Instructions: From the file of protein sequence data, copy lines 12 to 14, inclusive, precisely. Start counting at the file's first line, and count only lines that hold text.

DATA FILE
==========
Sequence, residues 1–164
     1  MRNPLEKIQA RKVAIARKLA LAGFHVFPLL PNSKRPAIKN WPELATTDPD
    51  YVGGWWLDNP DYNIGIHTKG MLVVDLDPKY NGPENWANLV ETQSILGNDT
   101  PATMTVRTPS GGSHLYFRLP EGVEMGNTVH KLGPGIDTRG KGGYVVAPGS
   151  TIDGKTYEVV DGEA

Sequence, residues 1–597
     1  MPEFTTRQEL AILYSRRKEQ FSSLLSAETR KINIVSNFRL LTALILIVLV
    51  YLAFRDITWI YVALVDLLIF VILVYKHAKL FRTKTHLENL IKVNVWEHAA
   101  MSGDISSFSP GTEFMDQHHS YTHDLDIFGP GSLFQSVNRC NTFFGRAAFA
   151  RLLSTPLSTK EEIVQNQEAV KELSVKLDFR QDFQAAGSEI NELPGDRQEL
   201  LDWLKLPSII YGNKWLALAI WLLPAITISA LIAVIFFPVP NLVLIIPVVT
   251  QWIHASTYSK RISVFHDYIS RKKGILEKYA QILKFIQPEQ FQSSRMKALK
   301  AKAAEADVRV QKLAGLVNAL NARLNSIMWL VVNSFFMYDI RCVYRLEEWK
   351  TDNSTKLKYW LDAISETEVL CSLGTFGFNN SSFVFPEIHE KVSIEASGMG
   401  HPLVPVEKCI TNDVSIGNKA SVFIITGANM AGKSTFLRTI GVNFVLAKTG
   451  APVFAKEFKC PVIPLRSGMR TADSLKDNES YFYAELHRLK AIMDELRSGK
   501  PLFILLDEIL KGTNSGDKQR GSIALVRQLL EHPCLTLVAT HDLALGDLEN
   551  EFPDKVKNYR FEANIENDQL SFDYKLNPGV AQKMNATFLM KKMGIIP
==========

   251  QWIHASTYSK RISVFHDYIS RKKGILEKYA QILKFIQPEQ FQSSRMKALK
   301  AKAAEADVRV QKLAGLVNAL NARLNSIMWL VVNSFFMYDI RCVYRLEEWK
   351  TDNSTKLKYW LDAISETEVL CSLGTFGFNN SSFVFPEIHE KVSIEASGMG